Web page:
The Dedication of Constantinople

On this day in 330 AD, the emperor Constantine presided over the dedication of a new capital of the Roman Empire, after six years of building on the site of the ancient city of Byzantium. Herodotus places the founding of Byzantium in 656 B.C., and in 334 AD, Constantine also presided over celebrations of its […]

The Cotton Collection of the British Library

I recently illustrated an article with an image of a manuscript in the British Library which is designated as “Cotton Vesp. d. xii.” The “Vesp.” here stands for the name of the Roman emperor Vespasian, for a rather interesting reason, connected to the collection from which it originally came. When King Henry VIII of England dissolved […]

St Helena, Evelyn Waugh, and the Finding of the Cross

In 1950, the English writer Evelyn Waugh published his only historical novel, Helena, a fictionalized account of the life of the Emperor Constantine’s mother, and her discovery of the relics of the True Cross. For well over a millennium, this event was celebrated with a feast day on May 3rd, the Finding of the Cross; […]

The Arch of Septimius Severus in Leptis Magna

Since yesterday we looked at the triumphal arch of Marcus Aurelius in Oea, the modern Tripoli in Libya, today we will see another such arch in the ruins of Leptis Magna, roughly 75 miles to the east. Like Oea, Leptis was founded by Phoenician colonists in the 7th century BC, and like the rest of […]

The Arch of Marcus Aurelius in Tripoli, Libya

The Roman Emperor Marcus Aurelius was born on this day in the year 121, just under 40 years before he acceded to the imperial throne. Despite his prominence as heir apparent to Antoninus Pius (138-61), and his own rule of almost twenty years, very few public monuments of his reign survive. We have recently looked […]

The Great Rogations and Plague-Causing Dragons

Today is traditionally both the feast of St Mark the Evangelist, and the observance known as the Greater Rogations. The latter is a penitential procession instituted by Pope St Gregory the Great at the very beginning of his reign (590 A.D.), to beg God’s mercy for the end of a terrible plague that struck Rome […]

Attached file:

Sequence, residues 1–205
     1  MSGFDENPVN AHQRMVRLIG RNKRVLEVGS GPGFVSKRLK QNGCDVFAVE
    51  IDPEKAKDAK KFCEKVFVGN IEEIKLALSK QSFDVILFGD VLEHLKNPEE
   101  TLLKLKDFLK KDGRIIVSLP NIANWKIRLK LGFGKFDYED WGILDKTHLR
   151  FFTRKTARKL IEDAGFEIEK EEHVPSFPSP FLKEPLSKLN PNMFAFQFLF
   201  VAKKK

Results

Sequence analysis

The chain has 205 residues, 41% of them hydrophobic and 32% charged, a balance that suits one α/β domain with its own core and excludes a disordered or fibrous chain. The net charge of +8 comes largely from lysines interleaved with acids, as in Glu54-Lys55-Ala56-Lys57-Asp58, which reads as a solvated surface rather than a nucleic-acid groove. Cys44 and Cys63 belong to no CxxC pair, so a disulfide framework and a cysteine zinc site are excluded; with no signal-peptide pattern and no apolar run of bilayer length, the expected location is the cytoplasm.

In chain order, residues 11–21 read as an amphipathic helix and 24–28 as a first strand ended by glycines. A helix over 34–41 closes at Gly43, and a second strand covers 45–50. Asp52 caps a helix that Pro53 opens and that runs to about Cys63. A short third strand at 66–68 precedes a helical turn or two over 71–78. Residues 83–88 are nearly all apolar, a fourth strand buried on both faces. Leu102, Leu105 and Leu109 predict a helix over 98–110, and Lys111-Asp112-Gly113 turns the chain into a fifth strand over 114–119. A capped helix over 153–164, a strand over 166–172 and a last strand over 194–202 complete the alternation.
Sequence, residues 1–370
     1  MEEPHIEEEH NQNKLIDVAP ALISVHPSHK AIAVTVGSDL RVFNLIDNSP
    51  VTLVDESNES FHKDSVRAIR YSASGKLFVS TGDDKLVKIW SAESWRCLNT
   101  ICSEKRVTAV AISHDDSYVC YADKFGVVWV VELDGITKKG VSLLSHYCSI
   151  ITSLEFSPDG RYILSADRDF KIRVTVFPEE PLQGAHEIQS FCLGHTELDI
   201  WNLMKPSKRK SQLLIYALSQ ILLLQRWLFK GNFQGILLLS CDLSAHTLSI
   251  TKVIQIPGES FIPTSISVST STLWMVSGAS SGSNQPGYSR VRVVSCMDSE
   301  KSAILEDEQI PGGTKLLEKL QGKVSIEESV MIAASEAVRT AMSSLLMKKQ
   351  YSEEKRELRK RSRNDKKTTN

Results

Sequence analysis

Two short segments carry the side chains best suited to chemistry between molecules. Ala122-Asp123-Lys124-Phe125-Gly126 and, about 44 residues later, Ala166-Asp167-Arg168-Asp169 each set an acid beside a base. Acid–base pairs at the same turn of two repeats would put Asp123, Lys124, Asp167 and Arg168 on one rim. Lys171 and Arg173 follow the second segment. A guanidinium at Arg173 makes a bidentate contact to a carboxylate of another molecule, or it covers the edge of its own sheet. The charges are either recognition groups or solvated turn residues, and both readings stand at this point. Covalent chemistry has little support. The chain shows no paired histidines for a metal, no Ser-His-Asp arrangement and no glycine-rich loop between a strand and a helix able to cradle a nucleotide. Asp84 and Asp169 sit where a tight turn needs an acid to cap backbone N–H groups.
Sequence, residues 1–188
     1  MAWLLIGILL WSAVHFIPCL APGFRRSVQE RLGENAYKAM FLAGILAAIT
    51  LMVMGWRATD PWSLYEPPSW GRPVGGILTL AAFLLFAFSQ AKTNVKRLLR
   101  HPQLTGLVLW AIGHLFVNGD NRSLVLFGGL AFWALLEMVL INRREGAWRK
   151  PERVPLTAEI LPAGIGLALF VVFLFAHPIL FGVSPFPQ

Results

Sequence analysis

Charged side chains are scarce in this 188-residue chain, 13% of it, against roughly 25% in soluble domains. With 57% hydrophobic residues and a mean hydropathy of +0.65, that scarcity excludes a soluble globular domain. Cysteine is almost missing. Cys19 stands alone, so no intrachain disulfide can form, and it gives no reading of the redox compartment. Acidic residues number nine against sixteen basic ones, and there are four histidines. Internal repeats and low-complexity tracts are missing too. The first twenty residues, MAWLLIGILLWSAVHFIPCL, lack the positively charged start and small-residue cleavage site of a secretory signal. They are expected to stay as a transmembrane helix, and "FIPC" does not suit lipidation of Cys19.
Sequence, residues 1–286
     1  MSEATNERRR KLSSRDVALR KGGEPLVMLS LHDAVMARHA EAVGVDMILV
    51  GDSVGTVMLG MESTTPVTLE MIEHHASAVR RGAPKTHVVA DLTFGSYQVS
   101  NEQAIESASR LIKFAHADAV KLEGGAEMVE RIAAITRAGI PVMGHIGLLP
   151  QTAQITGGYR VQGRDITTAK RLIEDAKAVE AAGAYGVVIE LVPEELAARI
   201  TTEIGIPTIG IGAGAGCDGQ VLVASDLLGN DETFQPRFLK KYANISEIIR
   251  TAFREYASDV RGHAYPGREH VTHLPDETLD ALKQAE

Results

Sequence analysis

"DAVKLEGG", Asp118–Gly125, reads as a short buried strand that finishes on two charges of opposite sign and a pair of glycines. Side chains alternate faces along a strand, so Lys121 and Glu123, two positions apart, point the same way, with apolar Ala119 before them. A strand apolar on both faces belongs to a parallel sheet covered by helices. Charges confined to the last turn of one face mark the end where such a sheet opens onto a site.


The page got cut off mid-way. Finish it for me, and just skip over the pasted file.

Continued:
How I Celebrated Rome’s Birthday 25 Years Ago

Apart from events like birthdays and wedding anniversaries, I suspect people very rarely know exactly where they were and what they were doing on any given day one year ago, never mind a quarter of a century ago, but I do remember exactly where I was on the evening of April 21, 1997. This day […]

Studium Urbis – The Foundation of the University of Rome

On this day in the year 1303, the last of his reign, Pope Boniface VIII issued the bull “In supremae praeeminentia dignitatis”, establishing the University of Rome. The university’s official motto is “Studium Urbis – the study of the city”, “studium” being the word most broadly used in the Middle Ages for academic institutions; since […]

Pope St Leo the Great on the Passion

Pope St Leo I is one of only two Popes (alongside St Gregory I, 590-604) to be recognized as a Doctor of the Church, and one of only three (along with the same Gregory, and Nicholas I, 858-67), who are traditionally given the epithet “the Great.” Born in Tuscany sometime around the turn of the […]

The Largest Medieval Manuscript of All

Yesterday, for the feast of St Isidore, we looked at his work known as the Etymologies, the widely used general encyclopedia of the Middle Ages. One of the indications of how important this work was to medieval culture is the fact that nearly 1000 manuscripts of it survive. Of these, one is a book also […]